Individuals who remain in the United States illegally may be prohibited from returning to the country for a period of time. This can create a severe hardship in situations when the person who overstayed his or her lawful immigration status is a close family member of someone living in the United States.
United States Citizenship and Immigration Services (USCIS) makes it possible for certain individuals to obtain a provisional waiver in order to resolve this issue. The waiver allows someone who would otherwise be barred from obtaining immigration benefits to move forward with gaining the lawful right to live with his or her family in America.
If your past overstay is hindering your ability to lawfully immigrate and be with your family members, you need to take action. A Maryland immigration lawyer at Miranda & Weisman can help you to complete Form I-601A to obtain a provisional waiver and can assist you in moving forward with your immigration process.
An individual who accrues 180 days or more unlawful presence in the United States faces a three-year inadmissibility bar. This bar prevents the immigrant who was illegally in the country from coming back to the U.S. after leaving. If a person is illegally in the United States for more than a year before departing, the bar increases to 10 years.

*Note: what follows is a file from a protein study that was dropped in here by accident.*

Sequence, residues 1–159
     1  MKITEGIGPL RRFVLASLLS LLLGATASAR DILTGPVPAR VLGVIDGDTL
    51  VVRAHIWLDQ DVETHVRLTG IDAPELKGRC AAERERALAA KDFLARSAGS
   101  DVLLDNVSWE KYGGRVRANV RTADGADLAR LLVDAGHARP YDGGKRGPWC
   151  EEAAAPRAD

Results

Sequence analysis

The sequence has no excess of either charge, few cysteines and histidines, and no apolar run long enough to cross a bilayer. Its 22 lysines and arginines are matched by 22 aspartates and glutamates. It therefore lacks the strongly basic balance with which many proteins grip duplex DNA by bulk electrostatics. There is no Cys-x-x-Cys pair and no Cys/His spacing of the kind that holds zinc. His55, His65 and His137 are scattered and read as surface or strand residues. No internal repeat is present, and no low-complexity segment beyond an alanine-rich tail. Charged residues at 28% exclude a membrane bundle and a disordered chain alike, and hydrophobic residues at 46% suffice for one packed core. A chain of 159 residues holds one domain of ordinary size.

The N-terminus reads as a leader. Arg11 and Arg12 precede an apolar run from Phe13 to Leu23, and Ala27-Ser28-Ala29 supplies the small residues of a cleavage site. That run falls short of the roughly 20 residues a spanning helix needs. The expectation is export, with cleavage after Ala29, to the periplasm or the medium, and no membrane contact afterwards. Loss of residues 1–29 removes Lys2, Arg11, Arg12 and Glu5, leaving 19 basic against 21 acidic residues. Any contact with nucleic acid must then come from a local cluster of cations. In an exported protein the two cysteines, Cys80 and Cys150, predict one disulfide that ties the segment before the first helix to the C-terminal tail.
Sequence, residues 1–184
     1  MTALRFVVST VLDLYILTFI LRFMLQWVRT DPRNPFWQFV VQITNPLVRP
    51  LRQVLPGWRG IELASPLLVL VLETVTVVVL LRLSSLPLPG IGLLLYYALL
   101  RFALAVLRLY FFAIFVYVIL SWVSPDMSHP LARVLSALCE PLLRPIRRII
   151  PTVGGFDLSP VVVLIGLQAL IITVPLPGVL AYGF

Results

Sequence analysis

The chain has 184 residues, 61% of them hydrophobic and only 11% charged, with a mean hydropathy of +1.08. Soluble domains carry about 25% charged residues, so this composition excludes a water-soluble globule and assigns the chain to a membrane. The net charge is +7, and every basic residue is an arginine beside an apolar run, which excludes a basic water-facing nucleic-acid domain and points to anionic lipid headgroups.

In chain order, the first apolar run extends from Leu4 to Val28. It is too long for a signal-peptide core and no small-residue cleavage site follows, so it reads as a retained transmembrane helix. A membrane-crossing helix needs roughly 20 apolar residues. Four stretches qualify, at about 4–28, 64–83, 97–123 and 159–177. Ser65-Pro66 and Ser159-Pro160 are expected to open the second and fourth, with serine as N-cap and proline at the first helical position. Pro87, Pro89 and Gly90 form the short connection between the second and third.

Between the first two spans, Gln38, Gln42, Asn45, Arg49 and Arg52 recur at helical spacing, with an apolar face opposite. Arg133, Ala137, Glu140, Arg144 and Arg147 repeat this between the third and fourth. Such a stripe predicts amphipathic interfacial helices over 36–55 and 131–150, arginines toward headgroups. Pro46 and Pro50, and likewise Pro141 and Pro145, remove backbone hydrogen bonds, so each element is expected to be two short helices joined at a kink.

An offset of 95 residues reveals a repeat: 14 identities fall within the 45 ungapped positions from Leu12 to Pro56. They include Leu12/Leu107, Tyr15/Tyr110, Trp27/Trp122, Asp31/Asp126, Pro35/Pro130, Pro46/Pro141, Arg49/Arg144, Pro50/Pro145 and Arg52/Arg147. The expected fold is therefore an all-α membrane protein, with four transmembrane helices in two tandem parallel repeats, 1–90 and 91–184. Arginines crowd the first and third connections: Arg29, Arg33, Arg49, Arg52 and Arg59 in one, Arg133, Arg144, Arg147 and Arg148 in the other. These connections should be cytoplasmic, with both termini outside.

Individuals who are subject to either a three or 10-year bar generally cannot obtain temporary or permanent immigration benefits while remaining in the United States. This means that if a person would otherwise be eligible for a visa, he or she will not be able to seek adjustment of status within this country but would instead need to leave and go to his or her own homeland to use consular processing. The problem is, however, that departing from the U.S. to go back home triggers the three or 10 year bar. The result of this is that family members could be separated for a decade or longer.
For a long time, these immigration rules meant that a person who was unlawfully present would need to leave the country, request a waiver to return and hope it was granted. In March of 2013, the rules changed for the better and it is now possible to complete form I-601A and seek a provisional waiver without ever leaving the U.S.
A provisional waiver is limited only to certain close family members of U.S. citizens. For example, the immigrant seeking the waiver must be a spouse, child or parent of a U.S. citizen. Waivers are only available to immigrants coming to the U.S. on an approved petition for alien relative or on a petition for Amerasians, widowers or special immigrants.
An attorney can help you determine if you qualify for a provisional waiver and can assist in ensuring that you take the right steps to get this important benefit.
Past immigration problems should not jeopardize your ability to move forward in the future. A provisional waiver makes it so these problems do not interfere with your ability to form a strong family unit that can live together as citizens or residents in the U.S. without fear.
Call today to speak with a Maryland immigration lawyer at Miranda & Weisman to learn more about how we can help you.